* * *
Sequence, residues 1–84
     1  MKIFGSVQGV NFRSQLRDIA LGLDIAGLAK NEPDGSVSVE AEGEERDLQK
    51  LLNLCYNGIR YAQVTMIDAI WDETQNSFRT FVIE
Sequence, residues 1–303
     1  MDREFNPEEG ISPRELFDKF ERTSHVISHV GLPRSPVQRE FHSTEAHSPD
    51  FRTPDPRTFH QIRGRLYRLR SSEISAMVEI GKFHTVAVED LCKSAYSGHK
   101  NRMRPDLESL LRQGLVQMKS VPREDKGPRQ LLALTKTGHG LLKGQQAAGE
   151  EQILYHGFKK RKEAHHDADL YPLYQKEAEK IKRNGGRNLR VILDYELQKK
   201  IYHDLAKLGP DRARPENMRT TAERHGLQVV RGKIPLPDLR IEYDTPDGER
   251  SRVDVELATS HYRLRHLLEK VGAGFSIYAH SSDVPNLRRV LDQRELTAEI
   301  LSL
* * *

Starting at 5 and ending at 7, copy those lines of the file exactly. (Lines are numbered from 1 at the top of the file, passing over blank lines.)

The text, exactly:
     1  MDREFNPEEG ISPRELFDKF ERTSHVISHV GLPRSPVQRE FHSTEAHSPD
    51  FRTPDPRTFH QIRGRLYRLR SSEISAMVEI GKFHTVAVED LCKSAYSGHK
   101  NRMRPDLESL LRQGLVQMKS VPREDKGPRQ LLALTKTGHG LLKGQQAAGE